Provision of support services:

Adequate resources should be allocated to provide necessary support services, such as speech therapy, occupational therapy, and psychological support, to children with disabilities. This includes recruiting and training specialized professionals who can work directly with these children.

Infrastructure and accessibility:

Schools should be equipped with appropriate infrastructure and facilities to ensure accessibility for children with disabilities. This involves constructing wheelchair ramps, installing accessible toilets, and adapting classrooms to accommodate different types of disabilities.

Awareness and community engagement:

Conducting awareness campaigns to combat stigma, raise awareness about disabilities, and promote the importance of inclusive education is essential. Engaging parents, communities, and local organizations in educating children with disabilities can help foster an inclusive and supportive environment.

By addressing these challenges and implementing inclusive practices, Burundi can create a more inclusive education system that ensures equal educational opportunities for all children, including those with disabilities.


Burundi’s education system faces significant challenges, including substandard school infrastructure, limited access to education, low quality of education, and high dropout rates. These issues have profound implications for the country’s development and the well-being of its population. However, these challenges can be overcome with the joint efforts of the government, donors, and civil society. By investing in school infrastructure, expanding access to education, improving the quality of instruction, and implementing strategies to reduce dropout rates, Burundi can pave the way for a brighter future, ensuring that all children have equal opportunities to access quality education.


United Nations Educational, Scientific and Cultural Organization (UNESCO). (2018). Education for All Global Monitoring Report: Education Progress and Challenges in Burundi. Retrieved from

World Bank. (2020). Burundi Education Sector Analysis: Challenges and Opportunities for System Improvement. Retrieved from

UNICEF. (2019). Education in Emergencies Annual Report 2019 – Burundi. Retrieved from

Human Rights Watch. (2017). Burundi: Girls’ Education under Threat. Retrieved from

Save the Children. (2020). Education in Burundi: Challenges and Opportunities. Retrieved from

Plan International. (2019). Education in Burundi: Challenges and Solutions. Retrieved from

Handicap International. (2018). Education for All in Burundi: Study on Inclusive Education. Retrieved from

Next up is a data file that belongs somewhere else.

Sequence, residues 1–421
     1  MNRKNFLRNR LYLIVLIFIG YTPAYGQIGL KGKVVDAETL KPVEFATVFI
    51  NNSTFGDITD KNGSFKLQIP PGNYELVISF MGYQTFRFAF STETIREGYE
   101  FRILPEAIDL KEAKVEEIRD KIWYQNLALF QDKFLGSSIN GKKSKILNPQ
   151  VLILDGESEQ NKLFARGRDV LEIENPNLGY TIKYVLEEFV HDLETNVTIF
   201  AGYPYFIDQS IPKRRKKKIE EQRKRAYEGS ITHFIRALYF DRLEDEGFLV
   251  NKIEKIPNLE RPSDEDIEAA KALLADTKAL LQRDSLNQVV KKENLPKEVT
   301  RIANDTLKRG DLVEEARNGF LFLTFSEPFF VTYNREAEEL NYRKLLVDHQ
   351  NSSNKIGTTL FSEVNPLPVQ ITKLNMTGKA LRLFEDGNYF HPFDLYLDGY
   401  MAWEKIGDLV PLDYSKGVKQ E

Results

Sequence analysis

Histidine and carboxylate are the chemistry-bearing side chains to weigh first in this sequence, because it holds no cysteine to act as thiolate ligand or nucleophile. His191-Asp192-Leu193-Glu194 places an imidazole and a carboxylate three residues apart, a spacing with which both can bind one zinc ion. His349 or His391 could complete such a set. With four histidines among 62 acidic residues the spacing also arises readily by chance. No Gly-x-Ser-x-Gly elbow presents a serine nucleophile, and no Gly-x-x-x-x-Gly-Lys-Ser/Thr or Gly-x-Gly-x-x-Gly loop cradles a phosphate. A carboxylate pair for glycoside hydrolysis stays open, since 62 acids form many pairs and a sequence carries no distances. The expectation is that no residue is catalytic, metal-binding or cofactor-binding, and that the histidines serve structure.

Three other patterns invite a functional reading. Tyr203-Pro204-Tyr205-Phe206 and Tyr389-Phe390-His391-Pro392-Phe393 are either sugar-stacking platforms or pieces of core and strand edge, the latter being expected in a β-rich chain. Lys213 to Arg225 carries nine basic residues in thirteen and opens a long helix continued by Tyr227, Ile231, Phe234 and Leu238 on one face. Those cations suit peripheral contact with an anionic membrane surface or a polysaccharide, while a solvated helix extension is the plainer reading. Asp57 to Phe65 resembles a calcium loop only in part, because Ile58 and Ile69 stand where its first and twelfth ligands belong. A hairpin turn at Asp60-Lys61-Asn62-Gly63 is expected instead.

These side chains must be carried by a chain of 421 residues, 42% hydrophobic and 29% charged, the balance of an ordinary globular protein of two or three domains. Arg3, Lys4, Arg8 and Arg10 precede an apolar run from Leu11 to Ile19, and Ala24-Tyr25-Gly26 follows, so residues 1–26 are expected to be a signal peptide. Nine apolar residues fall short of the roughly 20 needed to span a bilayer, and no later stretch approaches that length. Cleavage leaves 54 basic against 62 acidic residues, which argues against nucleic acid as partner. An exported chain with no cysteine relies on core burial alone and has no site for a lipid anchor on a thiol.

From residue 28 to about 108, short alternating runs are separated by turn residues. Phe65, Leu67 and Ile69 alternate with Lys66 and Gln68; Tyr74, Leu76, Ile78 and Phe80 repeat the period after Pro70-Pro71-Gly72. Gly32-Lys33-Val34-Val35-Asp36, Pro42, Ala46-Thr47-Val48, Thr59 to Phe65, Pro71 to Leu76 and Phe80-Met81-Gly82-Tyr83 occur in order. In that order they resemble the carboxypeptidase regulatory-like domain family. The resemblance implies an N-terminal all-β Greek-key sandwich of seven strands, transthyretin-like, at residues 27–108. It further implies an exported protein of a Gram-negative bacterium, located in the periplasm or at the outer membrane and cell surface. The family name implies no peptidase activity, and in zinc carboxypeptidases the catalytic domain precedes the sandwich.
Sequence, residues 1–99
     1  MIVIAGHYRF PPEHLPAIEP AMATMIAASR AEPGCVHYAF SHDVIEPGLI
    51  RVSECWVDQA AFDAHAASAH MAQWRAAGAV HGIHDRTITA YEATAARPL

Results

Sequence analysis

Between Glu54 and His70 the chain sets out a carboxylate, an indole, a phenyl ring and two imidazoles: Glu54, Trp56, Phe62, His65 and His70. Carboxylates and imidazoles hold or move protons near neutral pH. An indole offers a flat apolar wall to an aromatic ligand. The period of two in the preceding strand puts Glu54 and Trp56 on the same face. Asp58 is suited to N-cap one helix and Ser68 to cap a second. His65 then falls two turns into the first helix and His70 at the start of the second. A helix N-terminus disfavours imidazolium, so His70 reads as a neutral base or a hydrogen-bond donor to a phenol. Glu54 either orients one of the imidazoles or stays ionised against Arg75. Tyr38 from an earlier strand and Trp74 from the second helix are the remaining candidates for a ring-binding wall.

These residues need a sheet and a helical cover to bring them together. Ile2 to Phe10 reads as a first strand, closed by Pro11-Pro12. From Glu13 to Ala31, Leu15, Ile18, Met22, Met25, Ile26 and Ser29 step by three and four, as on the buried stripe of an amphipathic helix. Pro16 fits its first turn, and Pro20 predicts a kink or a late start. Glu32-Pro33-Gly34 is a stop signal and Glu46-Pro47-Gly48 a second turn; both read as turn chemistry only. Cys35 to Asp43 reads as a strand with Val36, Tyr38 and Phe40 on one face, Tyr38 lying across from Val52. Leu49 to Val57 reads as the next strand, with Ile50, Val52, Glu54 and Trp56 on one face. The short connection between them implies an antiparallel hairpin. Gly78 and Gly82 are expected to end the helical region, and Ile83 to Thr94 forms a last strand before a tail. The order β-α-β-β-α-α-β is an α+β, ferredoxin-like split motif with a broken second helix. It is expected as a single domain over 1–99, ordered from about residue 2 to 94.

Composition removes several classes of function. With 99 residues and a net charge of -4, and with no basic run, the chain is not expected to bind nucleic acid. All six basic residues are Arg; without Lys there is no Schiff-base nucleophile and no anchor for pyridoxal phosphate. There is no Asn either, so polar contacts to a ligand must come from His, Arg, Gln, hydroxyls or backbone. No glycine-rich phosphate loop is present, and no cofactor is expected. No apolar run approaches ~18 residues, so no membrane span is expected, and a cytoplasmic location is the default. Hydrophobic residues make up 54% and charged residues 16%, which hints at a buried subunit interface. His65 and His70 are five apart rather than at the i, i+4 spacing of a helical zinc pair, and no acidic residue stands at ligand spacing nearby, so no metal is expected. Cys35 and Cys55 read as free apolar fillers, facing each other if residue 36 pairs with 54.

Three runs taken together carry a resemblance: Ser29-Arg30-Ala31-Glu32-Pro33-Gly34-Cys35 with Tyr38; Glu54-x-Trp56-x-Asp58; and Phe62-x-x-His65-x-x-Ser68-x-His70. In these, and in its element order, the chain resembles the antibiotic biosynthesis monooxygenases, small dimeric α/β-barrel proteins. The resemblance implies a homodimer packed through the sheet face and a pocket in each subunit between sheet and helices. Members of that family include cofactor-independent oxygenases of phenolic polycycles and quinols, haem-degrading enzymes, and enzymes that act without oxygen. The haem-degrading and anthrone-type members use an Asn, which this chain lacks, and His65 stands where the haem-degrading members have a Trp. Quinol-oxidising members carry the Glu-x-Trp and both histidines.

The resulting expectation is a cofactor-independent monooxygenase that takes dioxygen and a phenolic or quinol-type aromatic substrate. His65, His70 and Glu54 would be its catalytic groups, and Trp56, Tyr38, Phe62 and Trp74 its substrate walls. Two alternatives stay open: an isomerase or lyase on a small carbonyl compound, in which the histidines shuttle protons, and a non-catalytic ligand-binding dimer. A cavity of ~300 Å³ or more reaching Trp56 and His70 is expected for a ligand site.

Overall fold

Burundi Ministry of Education. (2019). Strategic Plan for Education and Vocational Training 2018-2027. Retrieved from

African Development Bank Group. (2017). Burundi Country Strategy Paper 2017-2021. Retrieved from

The New Humanitarian. (2020). Burundi’s Education System Faces Multiple Crises. Retrieved from

Educational Challenges in Algeria: A work in progress

Written by Müge Çınar

Algeria to ease primary school programme. Photo by Magharebia

Algeria is known as the geographically largest country in Africa, located in northern Africa. This country may be divided into two separate parts, one is under the influence of the Mediterranean with the Atlas Mountains as known Tell and the other mostly consists of the desert situated in the western portion of the Shara. The total population that is living in Algeria is nearly 44 million.[1]

Algeria became independent after more than 130 years of colonization in 1962. During the colonization, the education system was constructed for mirroring that of France, mostly serviced by the French population and a relatively small Algerian elite. When the Algerian Independence War ended, nearly 90% of the population was illiterate. As a result, the country went into creating a new Algeria by following Arabization.[2]

In 1990, the expenditure on education was high, at 29.7% of the national budget. Education was put at the centre of rebuilding the country by creating a skilled force and people who share the same national consciousness[3]. Although their attempts of reforming the education system after the Second World, the progress in the education of the children remained insufficient. Accordingly, colonial history, gender, ethnicity, and religion formed the education opportunities for the children.[4]

Today, education at all levels is free in Algeria in the condition of passing the previous cycle. Social policy is applied by the state in the education sector, and this may be related to the democratic transition, although it’s debatable how successful it was[5]. The Algerian school system includes three cycles that are primary, middle and secondary school. Nine years of education from ages 6 to 14, the first two cycles are compulsory and the attendance rate is very high. Secondary education is also compulsory while having high numbers of drop-offs.

Main Challenges in Education

A bachelor’s degree is the minimum requirement for teaching, however, there are differences in teacher preparation programs and in-service training programs. Only 17% of primary school teachers have this certification, and nearly 70% of middle school teachers don’t have it. Furthermore, the educational system’s internal effectiveness falls far short of what society expects, as evidenced by the high rates of school dropout and repetition among students.[6]